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The hertz is a unit of measurement, equivalent to cycles per second and is named after Heinrich Rudolf Hertz who was the first to conclusively prove the existence of electromagnetic waves. Every musical note corresponds to a particular frequency which can be measured in hertz. With that helpful bit of information in mind (thank you very much, Wikipedia), you quickly realise that this scientific and mathematical theme that outlines R.Seiliog's debut album is something you cannot get away from. The whole axis of the body of work is based around eternally repetitive, cyclical structures and every part of the construction of the tracks is built around the rhythms. It's futuristic, atmospheric and completely chock full of imagination.

On a personal note, I had to listen to In Hz quite a few times before I even began to get my head around it. It's an incredibly rich and dense piece of work with layers upon layers of ideas and beats fighting for space. It's slightly overwhelming when you sit to listen to the whole thing in one go. The repetitive and beguiling rhythms work in such a way that they provide a framework in which R.Seiliog (aka Robin Edwards) is able to freely experiment within. Edwards' work is driven by a profound obsession with contrasting electronically produced sounds and hidden amongst the many layers of In Hz is a quest to push the boundaries of what electronic music can do.

Through endless experimentation, and without the aid of words to guide the listener, Edwards seamlessly creates a universe that glimmers with possibility. It's a hypnotic journey through sound and time that's like travelling through some electronically charged, futuristic machine. It welcomes you in the with a magically glimmering kaleidoscope of melodic, jangling colour in the form of 'Mt. Essa' before throwing you off course into a world of strange sounds and landscapes in 'Velcro to Vortex' whilst always centering itself around a pounding pulse. It takes the premise of house music and moulds it into something else: where the beat is most important, but what's going on around and above it begins to take a different shape.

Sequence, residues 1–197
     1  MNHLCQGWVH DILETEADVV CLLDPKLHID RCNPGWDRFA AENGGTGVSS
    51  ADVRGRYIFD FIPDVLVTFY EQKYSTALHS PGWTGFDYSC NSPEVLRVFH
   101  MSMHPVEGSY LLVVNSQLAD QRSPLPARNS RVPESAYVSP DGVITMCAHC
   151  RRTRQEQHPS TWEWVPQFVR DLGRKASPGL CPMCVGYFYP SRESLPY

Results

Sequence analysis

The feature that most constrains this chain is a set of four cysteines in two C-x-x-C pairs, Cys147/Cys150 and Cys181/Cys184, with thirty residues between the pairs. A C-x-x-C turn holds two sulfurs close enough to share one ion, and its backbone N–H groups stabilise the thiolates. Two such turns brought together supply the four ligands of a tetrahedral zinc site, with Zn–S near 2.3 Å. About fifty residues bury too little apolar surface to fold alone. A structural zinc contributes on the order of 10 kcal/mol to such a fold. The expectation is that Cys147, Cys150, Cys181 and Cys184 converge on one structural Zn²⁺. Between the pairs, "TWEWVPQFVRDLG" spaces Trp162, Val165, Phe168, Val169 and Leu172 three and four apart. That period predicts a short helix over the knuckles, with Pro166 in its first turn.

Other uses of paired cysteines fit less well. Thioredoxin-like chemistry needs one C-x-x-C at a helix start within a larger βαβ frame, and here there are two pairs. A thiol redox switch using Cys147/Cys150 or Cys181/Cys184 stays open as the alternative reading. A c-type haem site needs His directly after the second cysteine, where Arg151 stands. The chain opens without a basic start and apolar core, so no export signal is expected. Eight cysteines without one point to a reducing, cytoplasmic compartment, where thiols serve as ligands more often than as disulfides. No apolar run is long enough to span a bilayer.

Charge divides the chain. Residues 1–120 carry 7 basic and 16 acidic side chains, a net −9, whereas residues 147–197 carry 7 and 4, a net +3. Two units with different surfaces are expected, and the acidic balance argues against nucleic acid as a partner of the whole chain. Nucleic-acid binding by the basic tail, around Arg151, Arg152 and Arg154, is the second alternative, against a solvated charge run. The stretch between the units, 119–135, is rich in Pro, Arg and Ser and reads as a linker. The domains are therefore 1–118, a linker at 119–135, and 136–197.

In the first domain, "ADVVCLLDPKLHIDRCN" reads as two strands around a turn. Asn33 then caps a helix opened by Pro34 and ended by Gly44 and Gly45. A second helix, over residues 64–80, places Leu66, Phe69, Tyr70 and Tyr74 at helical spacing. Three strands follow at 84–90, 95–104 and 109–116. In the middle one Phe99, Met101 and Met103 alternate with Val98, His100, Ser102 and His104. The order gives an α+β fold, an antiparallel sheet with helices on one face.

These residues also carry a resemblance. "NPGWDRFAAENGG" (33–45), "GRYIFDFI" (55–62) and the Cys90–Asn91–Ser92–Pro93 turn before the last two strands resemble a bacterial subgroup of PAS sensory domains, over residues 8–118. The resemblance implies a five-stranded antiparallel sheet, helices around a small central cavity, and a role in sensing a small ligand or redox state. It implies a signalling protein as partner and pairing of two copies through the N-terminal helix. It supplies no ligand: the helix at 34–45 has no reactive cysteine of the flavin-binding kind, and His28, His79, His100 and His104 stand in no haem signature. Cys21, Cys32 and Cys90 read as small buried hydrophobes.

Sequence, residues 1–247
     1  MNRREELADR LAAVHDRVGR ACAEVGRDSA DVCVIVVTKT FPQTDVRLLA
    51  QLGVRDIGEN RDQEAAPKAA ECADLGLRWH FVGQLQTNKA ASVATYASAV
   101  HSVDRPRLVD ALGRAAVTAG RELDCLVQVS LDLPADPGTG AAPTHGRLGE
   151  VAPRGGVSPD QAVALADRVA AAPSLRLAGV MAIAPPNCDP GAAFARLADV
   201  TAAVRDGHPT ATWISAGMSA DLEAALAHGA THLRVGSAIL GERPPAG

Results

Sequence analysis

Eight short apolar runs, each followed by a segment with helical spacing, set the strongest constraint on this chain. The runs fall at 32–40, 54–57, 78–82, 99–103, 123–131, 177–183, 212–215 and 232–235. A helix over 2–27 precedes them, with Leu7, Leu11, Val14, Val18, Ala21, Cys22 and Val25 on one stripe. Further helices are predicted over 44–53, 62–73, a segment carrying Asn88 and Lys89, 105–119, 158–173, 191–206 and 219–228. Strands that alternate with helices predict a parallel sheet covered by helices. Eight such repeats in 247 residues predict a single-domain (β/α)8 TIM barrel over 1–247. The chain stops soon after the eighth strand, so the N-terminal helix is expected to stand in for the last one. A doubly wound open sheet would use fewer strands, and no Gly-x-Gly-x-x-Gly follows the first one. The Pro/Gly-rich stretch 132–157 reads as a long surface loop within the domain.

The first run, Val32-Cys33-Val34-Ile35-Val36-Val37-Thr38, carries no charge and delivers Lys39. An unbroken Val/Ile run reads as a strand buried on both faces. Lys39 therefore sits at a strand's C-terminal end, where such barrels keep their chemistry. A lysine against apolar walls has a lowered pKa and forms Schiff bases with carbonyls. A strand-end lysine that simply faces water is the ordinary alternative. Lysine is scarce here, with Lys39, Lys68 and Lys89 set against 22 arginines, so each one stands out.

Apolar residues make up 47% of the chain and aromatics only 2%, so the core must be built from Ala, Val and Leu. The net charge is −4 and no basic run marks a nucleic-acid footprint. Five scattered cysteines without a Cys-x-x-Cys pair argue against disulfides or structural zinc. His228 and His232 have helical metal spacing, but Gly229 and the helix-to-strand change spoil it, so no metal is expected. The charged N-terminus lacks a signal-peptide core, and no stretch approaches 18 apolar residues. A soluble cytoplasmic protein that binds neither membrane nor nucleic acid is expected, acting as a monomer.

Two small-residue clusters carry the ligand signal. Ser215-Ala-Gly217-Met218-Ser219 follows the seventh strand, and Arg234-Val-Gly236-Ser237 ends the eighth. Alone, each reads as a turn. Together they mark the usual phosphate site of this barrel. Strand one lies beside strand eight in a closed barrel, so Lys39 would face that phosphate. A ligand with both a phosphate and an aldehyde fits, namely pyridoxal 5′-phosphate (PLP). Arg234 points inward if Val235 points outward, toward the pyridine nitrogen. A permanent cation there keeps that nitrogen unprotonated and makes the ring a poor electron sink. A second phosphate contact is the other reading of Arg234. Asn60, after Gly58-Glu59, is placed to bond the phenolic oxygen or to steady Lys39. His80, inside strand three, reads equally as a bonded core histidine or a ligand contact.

When it comes to 'Wow Signal', it's all a lot more stripped back, where upon the hypnotic ticking sounds plays perfectly to the urban myth that Edwards was born in the basement of a watchmakers. It flutters into another technologically-hinged landscape of sounds that simply makes your head spin as it paints a portrait of intensely surreal images. The way that Edwards builds up his sonic textures from the sparse to the intricately dense is seen again in 'Peripheral Thermal (Left)' that amalgamates an intense selection of timbres that effortlessly merge into 'Peripheral Thermal (Right)', an experience that is pretty hallucinogenic in its execution. It really makes you feel altogether a bit dizzy and disorientated, as sonic sounds and haunting samples creep out of corners you definitely were not expecting them to.

To finish up your adventure through the sonic sound universe, Edwards once again plunges you into a pot of scientific imbalance and experimentation with Inertia. It's a track that lives up its name and keeps pushing forward into a seemingly eternal space that gently guides you towards reality once again and it becomes clear that to listen to In Hz is to explore Edwards' own mind for a brief amount of time. The way in which Edwards not only uses rhythms, but actually understands how they interlock and relate to one another is what brings this body of work together. It could have something to with his background as a drummer for the likes of Cate le Bon and H.Hawkline, or it could just be something that seems to have been written into his DNA.

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